Belgium

   

Economic Policies

#22
Key Findings
Hampered by indebtedness and structural weaknesses, Belgium falls into the middle ranks internationally in terms of economic policies (rank 22). Its score in this area has increased by 0.2 points since 2014.

Efforts to reduce public debt levels that remain above 100% of GDP have led to cuts in public investments, health care and pension spending, and sluggish education and environmental improvements. However, growth has been sluggish, productivity has not improved, and labor-market mismatches are widening.

Unemployment rates are not high by euro-zone comparison, but employment rates have stagnated at a relatively low level. Labor income is strongly taxed, while capital income is often untaxed or inefficiently taxed. Promising corporate-tax reforms are underway, but loopholes and exemptions have perpetuated distortions and undermined incentives for entrepreneurs.

Public infrastructure and higher education are underfunded. The government’s heavy-handed reform style has provoked strikes and political unrest, doing little to help the investment climate.

Economy

#16

How successful has economic policy been in providing a reliable economic framework and in fostering international competitiveness?

10
 9

Economic policy fully succeeds in providing a coherent set-up of different institutional spheres and regimes, thus stabilizing the economic environment. It largely contributes to the objectives of fostering a country’s competitive capabilities and attractiveness as an economic location.
 8
 7
 6


Economic policy largely provides a reliable economic environment and supports the objectives of fostering a country’s competitive capabilities and attractiveness as an economic location.
 5
 4
 3


Economic policy somewhat contributes to providing a reliable economic environment and helps to a certain degree in fostering a country’s competitive capabilities and attractiveness as an economic location.
 2
 1

Economic policy mainly acts in discretionary ways essentially destabilizing the economic environment. There is little coordination in the set-up of economic policy institutions. Economic policy generally fails in fostering a country’s competitive capabilities and attractiveness as an economic location.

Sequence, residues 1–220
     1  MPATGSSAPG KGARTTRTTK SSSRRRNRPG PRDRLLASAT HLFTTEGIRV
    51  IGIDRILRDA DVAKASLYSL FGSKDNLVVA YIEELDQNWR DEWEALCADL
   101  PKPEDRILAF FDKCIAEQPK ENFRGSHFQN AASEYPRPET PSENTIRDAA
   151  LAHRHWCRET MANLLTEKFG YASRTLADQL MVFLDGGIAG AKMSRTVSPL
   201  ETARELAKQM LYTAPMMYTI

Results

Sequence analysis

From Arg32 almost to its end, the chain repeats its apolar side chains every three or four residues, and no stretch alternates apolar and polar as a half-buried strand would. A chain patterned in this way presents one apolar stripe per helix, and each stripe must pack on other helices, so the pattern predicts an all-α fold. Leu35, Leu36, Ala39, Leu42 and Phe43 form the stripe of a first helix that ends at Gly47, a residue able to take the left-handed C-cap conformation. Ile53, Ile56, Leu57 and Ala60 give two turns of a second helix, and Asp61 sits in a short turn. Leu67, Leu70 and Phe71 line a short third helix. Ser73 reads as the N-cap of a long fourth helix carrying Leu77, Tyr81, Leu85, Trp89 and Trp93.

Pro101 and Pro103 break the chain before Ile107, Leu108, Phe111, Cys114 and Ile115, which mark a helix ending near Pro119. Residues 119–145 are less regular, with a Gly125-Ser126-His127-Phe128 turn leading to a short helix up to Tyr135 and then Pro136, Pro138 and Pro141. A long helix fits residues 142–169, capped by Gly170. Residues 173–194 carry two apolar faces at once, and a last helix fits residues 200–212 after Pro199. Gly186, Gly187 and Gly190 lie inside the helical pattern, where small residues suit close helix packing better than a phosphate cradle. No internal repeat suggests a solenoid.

Economic Policy
7
Located at the heart of the euro zone and the European Union, Belgium is a small, open and competitive economy. Its performance depends as much on the actions of its federal and local governments as on the general economic climate of the euro zone.

The high degree of exposure to global competition forces governments to keep an eye on the country’s international competitiveness, with mixed results. Belgium’s competitiveness eroded over the last decade, with production costs and market distortions progressively worsening in comparison with those of immediate neighbors. To compensate, the country offered increasingly generous tax deals to multinational enterprises. As these have recently been criticized as illegal state aid, the Michel government initiated a set of structural and tax reforms meant to 1) reduce the inflation gap (focusing more on wage-cost cuts than on product-market structural reforms), 2) partially remedy the labor-tax distortions that contribute to the competitiveness handicap and 3) reduce corporate taxation across the board – this latter policy being a recent development not initially planned by the government.

These efforts essentially represent the positive side of current efforts. On the negative side: public infrastructure investment remains low, as much as a full GDP point below levels in France and the Netherlands (see the World Economic Forum’s Global Competitiveness Report and the OECD’s economic survey of Belgium); employment rates remain consistently low (see P2); and the higher-education sector remains chronically underfunded, meaning that Belgium’s previously strong position in terms of worker skills is eroding.